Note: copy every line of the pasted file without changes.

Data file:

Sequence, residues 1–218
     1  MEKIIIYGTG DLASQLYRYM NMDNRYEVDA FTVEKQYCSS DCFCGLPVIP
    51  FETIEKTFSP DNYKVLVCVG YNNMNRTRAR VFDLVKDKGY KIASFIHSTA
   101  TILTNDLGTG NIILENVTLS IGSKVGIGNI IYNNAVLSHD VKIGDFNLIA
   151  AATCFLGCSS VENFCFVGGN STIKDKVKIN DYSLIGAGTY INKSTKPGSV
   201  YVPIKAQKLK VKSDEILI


Sequence, residues 1–218
     1  MEKIIIYGTG DLASQLYRYM NMDNRYEVDA FTVEKQYCSS DCFCGLPVIP
    51  FETIEKTFSP DNYKVLVCVG YNNMNRTRAR VFDLVKDKGY KIASFIHSTA
   101  TILTNDLGTG NIILENVTLS IGSKVGIGNI IYNNAVLSHD VKIGDFNLIA
   151  AATCFLGCSS VENFCFVGGN STIKDKVKIN DYSLIGAGTY INKSTKPGSV
   201  YVPIKAQKLK VKSDEILI